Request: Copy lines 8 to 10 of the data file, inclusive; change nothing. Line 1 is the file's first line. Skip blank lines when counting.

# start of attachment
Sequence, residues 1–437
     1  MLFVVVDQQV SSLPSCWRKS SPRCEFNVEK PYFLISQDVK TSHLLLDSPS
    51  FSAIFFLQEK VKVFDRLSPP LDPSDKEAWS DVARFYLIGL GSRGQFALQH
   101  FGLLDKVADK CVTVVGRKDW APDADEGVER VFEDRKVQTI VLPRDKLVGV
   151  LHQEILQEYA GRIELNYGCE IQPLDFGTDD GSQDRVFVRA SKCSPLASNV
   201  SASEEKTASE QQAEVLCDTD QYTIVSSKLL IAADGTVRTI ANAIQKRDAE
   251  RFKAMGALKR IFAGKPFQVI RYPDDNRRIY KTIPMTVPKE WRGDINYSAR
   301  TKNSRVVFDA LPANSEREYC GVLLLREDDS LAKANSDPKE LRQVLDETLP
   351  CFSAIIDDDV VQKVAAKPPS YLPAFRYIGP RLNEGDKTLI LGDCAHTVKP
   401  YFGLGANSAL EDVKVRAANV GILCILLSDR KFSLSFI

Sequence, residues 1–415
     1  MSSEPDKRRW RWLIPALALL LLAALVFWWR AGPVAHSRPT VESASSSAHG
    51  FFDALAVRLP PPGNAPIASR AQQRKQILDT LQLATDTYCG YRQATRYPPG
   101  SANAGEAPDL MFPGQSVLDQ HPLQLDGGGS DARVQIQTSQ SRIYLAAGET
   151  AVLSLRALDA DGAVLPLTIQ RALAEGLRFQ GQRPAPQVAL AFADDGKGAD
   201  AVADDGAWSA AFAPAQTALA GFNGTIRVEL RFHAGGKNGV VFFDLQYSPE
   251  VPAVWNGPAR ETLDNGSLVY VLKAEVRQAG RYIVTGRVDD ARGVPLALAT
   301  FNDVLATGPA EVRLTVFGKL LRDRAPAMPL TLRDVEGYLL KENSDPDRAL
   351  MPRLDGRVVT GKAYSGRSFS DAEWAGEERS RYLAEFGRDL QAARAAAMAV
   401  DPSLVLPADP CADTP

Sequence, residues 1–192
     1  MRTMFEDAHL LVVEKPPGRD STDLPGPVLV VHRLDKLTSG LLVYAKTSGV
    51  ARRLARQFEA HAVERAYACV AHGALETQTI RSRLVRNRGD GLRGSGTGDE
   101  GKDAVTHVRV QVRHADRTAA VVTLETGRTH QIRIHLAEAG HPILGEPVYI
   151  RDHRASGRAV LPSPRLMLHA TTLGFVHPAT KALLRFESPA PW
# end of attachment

   301  TKNSRVVFDA LPANSEREYC GVLLLREDDS LAKANSDPKE LRQVLDETLP
   351  CFSAIIDDDV VQKVAAKPPS YLPAFRYIGP RLNEGDKTLI LGDCAHTVKP
   401  YFGLGANSAL EDVKVRAANV GILCILLSDR KFSLSFI